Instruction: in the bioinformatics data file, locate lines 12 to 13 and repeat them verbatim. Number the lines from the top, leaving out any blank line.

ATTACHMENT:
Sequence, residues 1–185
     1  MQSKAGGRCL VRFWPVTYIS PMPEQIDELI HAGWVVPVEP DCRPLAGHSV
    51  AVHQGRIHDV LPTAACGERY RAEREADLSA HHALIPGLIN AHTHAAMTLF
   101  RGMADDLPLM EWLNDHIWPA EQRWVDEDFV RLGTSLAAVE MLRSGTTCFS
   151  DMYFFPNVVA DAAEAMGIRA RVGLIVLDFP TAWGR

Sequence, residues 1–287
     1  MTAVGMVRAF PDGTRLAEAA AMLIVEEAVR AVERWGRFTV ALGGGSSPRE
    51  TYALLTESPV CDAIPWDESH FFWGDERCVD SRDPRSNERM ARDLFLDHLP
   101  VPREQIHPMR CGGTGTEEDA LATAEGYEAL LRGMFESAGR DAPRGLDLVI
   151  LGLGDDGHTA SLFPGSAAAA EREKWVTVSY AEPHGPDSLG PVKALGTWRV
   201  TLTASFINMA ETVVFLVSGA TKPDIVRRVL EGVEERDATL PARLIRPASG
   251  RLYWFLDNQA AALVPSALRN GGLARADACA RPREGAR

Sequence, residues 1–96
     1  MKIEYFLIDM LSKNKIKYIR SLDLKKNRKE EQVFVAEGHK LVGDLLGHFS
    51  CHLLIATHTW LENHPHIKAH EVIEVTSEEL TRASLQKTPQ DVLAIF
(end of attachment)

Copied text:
   251  RLYWFLDNQA AALVPSALRN GGLARADACA RPREGAR

Sequence, residues 1–96